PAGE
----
I was so nervous. I was worried about saying the wrong things. My voice got shaky and my hands were shaking. I said "um" all the time. I felt my heart beating fast. I felt short of breath. I couldn't stop blushing. I felt embarrassed, ashamed of myself.
After that failure, I did whatever it took to get over my fear of public speaking. I took online courses on public speaking. I worked with public speaking coaches.
Fast-forward a few months, I spoke in front of a group. I was still a bit nervous about speaking in public but I knew the audience wanted me to succeed. Instead of focusing on my own fears, I focused on serving my audience. I became a confident speaker.
I've got over my fear of public speaking in three simple steps. Apply these steps so you too can overcome public speaking anxiety:
While preparing for my speech, I didn't know what to say. A great speaker asked me, "If you could have one sentence instead of the entire presentation, what would you say?"
My message was, "Go for your dreams and never give up." Using that as a guide, I came up with personal stories that people could relate to. In just minutes, I wrote an entire memorable talk.
The takeaway: Create a clear overall message so you know exactly what to say.
2. Practice, with a coach.
Practice doesn't make perfect; practice with coaching makes great improvement. I wanted to have a powerful voice, so I worked with celebrity voice coach Roger Love. He has a track record of having worked with successful professionals, including Tony Robbins and Suze Orman.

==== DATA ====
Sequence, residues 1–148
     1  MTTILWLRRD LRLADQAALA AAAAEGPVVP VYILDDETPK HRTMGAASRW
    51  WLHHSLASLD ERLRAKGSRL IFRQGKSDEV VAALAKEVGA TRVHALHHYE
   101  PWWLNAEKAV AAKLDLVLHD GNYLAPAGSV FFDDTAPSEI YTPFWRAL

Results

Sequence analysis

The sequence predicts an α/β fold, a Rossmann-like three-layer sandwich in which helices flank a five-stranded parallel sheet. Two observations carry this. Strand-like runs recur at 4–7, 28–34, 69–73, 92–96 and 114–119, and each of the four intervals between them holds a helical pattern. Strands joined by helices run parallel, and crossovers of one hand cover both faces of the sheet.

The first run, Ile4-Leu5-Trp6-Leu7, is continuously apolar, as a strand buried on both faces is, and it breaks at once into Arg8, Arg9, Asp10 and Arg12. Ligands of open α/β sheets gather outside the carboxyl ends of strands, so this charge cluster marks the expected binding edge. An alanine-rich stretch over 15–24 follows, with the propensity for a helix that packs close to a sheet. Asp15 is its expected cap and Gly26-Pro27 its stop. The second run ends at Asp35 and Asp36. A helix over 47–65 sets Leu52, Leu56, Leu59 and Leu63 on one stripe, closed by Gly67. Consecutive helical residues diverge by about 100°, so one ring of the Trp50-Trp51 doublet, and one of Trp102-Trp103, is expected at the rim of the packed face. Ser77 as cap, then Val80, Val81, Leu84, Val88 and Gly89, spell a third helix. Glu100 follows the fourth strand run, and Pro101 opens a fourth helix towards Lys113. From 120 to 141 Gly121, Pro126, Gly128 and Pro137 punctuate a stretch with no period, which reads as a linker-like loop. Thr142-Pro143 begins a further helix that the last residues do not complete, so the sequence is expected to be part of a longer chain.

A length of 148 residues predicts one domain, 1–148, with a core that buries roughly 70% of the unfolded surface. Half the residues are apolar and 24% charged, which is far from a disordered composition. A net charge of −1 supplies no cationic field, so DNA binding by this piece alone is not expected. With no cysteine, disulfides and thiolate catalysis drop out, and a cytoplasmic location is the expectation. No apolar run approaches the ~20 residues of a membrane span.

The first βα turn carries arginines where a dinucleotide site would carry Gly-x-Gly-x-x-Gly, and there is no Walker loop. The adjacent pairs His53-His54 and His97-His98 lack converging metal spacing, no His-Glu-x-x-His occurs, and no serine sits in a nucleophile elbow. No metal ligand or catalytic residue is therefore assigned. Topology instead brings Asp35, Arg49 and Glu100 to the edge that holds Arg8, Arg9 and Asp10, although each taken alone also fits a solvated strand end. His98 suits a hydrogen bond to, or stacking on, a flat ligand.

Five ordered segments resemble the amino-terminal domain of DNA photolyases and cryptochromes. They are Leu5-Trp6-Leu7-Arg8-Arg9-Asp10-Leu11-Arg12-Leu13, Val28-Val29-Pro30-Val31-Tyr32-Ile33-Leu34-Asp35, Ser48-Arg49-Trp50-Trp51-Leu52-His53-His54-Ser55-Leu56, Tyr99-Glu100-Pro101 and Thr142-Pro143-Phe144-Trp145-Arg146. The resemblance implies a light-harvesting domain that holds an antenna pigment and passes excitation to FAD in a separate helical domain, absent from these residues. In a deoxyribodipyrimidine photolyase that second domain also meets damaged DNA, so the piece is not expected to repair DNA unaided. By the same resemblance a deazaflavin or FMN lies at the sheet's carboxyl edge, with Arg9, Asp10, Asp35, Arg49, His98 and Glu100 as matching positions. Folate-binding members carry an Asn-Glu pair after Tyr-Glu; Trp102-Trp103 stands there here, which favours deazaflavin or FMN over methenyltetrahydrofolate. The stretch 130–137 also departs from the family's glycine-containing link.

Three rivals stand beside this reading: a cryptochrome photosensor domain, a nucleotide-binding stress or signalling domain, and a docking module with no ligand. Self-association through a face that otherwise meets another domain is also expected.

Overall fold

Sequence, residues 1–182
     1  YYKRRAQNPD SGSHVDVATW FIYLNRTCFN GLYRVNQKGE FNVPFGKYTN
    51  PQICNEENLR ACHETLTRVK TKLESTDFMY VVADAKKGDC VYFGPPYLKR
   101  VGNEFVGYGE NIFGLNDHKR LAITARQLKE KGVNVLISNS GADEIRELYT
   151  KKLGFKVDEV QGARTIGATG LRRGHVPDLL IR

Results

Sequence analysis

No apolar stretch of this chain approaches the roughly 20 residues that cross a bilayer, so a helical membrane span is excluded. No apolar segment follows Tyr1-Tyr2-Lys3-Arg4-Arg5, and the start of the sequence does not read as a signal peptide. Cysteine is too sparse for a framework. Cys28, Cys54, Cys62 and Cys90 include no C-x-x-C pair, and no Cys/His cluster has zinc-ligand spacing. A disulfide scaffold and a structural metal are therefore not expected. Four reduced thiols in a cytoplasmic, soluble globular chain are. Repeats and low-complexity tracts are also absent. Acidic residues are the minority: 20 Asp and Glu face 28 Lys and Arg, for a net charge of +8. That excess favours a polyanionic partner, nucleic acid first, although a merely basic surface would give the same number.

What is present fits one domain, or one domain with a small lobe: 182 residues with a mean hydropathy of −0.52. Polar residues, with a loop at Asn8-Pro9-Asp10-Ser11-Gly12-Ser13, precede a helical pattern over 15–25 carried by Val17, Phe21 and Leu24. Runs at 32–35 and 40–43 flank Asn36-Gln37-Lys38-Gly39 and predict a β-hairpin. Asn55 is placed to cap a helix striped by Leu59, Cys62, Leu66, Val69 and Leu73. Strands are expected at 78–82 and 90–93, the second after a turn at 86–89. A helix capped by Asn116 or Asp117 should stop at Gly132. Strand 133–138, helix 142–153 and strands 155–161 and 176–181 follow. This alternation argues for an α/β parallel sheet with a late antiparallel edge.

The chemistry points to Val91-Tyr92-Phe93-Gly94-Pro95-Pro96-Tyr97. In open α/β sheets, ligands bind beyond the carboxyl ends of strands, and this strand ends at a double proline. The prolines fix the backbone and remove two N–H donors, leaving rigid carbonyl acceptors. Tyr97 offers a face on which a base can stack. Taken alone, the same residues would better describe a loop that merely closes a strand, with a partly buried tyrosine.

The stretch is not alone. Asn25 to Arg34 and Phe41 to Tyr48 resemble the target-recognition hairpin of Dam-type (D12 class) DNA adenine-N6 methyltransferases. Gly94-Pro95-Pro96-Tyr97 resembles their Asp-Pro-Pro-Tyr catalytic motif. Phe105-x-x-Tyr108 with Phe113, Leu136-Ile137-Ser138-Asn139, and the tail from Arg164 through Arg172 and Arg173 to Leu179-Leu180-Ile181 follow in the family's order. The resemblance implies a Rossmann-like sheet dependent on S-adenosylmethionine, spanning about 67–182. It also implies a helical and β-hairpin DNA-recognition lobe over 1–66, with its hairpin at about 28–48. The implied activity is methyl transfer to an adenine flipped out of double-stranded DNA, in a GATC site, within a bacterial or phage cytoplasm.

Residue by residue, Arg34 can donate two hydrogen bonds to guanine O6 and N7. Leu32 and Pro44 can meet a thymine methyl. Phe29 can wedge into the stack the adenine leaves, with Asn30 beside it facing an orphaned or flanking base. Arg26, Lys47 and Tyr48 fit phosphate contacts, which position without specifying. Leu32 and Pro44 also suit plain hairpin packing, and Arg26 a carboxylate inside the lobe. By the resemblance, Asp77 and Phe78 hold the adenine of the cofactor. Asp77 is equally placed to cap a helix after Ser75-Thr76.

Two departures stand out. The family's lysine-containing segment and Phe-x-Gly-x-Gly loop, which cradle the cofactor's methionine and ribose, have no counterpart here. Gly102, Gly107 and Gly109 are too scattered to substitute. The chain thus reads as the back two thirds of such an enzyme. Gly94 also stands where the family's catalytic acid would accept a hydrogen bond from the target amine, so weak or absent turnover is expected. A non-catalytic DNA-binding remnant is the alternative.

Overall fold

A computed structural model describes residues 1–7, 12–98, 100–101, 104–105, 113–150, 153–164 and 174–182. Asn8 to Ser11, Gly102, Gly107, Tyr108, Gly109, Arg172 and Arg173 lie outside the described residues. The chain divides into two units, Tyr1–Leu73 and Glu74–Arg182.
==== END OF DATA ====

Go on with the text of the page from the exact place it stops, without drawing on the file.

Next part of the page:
With his help, I learned to do voice exercises before speaking, to warm up my voice. The more I practiced, the more confident I became. I now have a powerful voice.
The takeaway: If you want to practice public speaking more effectively, get coaching.
Confident speakers are performers. They express ideas effectively and confidently.
I once had to speak in front of a group of senior executives over age 40. I worried that they might say, "You're too young. You're not qualified to speak here." And then I remembered what Richard Branson taught me: "Picture you're talking to friends in the living room."
I arrived at the venue early. I talked to audience members: "Hi, I'm Jonathan, it's good to meet you." Once I was on stage, people no longer thought of me as a stranger. I was a friend.
The takeaway: Picture yourself talking to friends in your living room, so you will be more comfortable and in-control.
Follow these three steps so you can get over fear of public speaking effectively.
What's your biggest challenge when it comes to public speaking? I look forward to reading your comments.
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